The problem with the “out of the mainstream” argument is that you have to be in the mainstream to pull it off successfully. This leaves significant Democratic Party leaders out.

Are Patrick Leahy and Teddy Kennedy in the mainstream of American political thought? If so, they’re in the shallows.
Written By: Dave Schuler
If "He’s too conservative" is a valid argument against an appointee, then "He’s too liberal" should also be a valid argument against an appointee.
Written By: David R. Block
URL: http://
If "He’s too conservative" is a valid argument against an appointee, then "He’s too liberal" should also be a valid argument against an appointee.

And, of course, if that were true, Ginsberg wouldn’t be allowed in the SC building, would she?
Written By: McQ
Just happened to read a transcript of comments made on a liberal cocoon site apparently frequented by liberal college professors. Sample:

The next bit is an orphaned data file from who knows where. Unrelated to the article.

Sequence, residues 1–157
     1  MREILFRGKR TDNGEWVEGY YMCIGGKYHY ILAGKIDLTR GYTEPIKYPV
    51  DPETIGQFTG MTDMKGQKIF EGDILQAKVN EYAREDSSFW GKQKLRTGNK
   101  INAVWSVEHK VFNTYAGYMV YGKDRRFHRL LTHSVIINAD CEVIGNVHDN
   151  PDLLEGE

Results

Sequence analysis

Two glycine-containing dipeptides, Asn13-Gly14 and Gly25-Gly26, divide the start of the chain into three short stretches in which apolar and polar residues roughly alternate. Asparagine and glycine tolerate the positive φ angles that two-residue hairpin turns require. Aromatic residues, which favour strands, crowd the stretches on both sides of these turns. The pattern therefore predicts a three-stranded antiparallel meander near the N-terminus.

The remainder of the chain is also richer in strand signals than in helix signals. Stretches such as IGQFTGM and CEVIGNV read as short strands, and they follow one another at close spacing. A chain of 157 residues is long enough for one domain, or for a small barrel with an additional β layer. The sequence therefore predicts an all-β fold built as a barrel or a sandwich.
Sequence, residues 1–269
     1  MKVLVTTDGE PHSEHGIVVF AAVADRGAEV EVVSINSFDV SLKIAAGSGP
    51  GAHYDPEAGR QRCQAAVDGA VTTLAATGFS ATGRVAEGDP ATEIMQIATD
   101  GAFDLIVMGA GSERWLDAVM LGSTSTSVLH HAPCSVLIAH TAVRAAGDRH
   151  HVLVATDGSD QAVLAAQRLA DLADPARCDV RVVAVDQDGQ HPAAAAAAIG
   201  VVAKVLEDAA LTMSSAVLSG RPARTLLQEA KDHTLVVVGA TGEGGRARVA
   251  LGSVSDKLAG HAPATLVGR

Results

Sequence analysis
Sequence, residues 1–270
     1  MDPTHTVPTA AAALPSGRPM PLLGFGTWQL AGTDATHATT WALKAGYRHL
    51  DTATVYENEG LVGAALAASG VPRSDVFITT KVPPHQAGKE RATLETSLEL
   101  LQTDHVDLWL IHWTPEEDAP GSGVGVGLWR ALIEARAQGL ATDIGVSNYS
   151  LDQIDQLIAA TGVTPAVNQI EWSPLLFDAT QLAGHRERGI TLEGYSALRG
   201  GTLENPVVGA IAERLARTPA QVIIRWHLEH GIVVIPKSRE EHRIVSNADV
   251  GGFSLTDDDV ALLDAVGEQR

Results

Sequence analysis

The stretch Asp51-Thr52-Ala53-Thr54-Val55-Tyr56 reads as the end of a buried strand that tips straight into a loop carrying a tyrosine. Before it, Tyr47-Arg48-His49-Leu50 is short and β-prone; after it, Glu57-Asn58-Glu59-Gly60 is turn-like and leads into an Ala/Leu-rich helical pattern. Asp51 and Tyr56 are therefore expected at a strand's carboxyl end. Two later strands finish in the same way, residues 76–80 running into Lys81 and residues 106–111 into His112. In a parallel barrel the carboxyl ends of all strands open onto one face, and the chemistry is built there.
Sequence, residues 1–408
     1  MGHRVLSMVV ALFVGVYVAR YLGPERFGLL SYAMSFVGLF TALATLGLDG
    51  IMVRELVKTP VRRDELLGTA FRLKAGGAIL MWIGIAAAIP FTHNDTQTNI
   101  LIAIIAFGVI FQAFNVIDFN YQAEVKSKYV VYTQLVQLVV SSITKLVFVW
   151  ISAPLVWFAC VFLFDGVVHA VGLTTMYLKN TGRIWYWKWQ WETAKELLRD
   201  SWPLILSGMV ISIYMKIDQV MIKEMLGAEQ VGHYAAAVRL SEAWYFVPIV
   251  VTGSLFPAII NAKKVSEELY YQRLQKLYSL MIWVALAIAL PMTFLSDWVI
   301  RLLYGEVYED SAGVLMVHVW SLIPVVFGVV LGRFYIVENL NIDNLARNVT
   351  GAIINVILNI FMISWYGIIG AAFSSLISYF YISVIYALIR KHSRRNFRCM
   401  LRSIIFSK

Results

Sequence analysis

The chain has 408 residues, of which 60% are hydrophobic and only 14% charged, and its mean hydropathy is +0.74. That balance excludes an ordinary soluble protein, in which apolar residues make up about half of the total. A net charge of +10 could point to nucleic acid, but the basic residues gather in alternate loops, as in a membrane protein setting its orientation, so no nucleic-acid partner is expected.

“[We] must “Bork” Alito…”
“Move on has materials to help.”
“We must stop Alito at all costs.”
“Pressure any Dem who threatens to cross party lines…vote against Alito or lose your fucking job.”
“The Bush League is Evil and Clueless.”
Talk about a fever swamp! This is the liberal base. Anyway, the site is open for unregistered comments and apparently a conservative, Paul Diegnan (who happens to be a PHD candidate in mechanical engineering) made some comments which were ill-received by the cocoon-dwellers. Sample: (made just following a series of comments about how super a list of talking points re: Alito were, Paul debunked them in much the same manner as the idiocies of MK have been dismantled on this site, and then said):